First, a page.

To John's wife Gretchen and daughter Jennifer Sarah and other friends of John who are here with us today, we thank you for all that you do.
RICE: But, John, your most important work is yet to come. And I look forward to working closely with you on behalf of our nation and the international community in support of the United Nations.
BOLTON: Madam Secretary, you and the president have done me a great honor in nominating me to be the United States permanent representative to the United Nations.
If confirmed by the Senate, I will continue to work closely with members of Congress and our colleagues, both in the foreign service and in the civil service, to advance President Bush's policies.
As you know, Madam Secretary, I have worked in the government for many years -- at the Agency for International Development, the Department of Justice and here at the Department of State. This work has afforded me the opportunity to learn from some of our nation's finest public servants.
It has been an honor and a privilege to represent the United States' government in crafting many multinational and bilateral agreements to further our national security objectives.
BOLTON: And, Secretary, my record, over many years, demonstrates clear support for effective multilateral diplomacy, whether it be the Proliferation Security Initiative, the G-8 global partnership or adopting U.N. resolutions. Working closely with others is essential to ensuring a safer world.
We all agree that there are numerous challenges facing the United States And the security of our country and all freedom-loving peoples must be protected.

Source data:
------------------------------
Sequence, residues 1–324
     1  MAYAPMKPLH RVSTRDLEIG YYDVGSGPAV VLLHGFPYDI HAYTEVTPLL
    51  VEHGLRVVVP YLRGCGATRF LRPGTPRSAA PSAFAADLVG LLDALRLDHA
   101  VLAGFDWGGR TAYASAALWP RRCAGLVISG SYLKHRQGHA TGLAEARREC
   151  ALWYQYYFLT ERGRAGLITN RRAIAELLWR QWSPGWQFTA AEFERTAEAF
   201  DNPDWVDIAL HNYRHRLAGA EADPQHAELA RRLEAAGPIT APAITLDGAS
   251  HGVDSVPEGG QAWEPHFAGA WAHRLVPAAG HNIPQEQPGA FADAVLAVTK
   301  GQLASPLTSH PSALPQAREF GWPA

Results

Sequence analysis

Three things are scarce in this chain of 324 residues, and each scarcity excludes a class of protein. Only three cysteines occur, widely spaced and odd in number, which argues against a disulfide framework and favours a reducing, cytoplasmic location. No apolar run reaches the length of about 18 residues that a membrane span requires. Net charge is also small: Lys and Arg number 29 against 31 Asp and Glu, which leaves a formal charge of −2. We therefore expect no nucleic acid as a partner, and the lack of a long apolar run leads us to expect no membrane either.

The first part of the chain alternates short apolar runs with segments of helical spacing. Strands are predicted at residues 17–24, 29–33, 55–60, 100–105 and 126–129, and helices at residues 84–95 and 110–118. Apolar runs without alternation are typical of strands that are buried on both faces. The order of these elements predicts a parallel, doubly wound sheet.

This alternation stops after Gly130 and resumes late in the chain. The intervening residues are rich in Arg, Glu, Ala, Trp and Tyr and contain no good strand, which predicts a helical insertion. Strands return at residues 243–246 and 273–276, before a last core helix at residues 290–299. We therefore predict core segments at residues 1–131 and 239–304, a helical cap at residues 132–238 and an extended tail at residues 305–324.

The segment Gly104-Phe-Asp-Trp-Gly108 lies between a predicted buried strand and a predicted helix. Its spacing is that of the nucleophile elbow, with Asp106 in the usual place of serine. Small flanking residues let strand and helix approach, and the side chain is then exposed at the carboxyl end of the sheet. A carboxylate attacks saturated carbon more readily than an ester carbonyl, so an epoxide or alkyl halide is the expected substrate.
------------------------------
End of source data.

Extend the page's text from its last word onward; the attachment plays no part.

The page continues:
Close cooperation and the time-honored tradition of frank communication is central to achieving our mutually held objectives.
The United Nations affords us the opportunity to move our policies forward together with unity and purpose.
As you know, I have, over the years, written critically about the U.N. Indeed, one highlight of my professional career was the 1991 successful effort to repeal the General Assembly's 1975 resolution equating Zionism with racism, thus removing the greatest stain on the U.N.'s reputation.
I have consistently stressed in my writings that American leadership is critical to the success of the U.N., an effective U.N., one that is true to the original intent of its charter's framers.
This is a time of opportunity for the U.N., which likewise requires American leadership to achieve successful reform.
I know you and the president will provide that leadership. If confirmed by the Senate, I will roll up my sleeves to join you in that effort, which will require close bipartisan congressional support.
Finally, a personal note, I'd like to thank two very special people who have been with me for many years, my wife, Gretchen, and our daughter, Jennifer Sarah, who have endured my many foreign trips and long absences in the service of our country.
Madam Secretary, again, I want to thank you and the president for your confidence and for your support.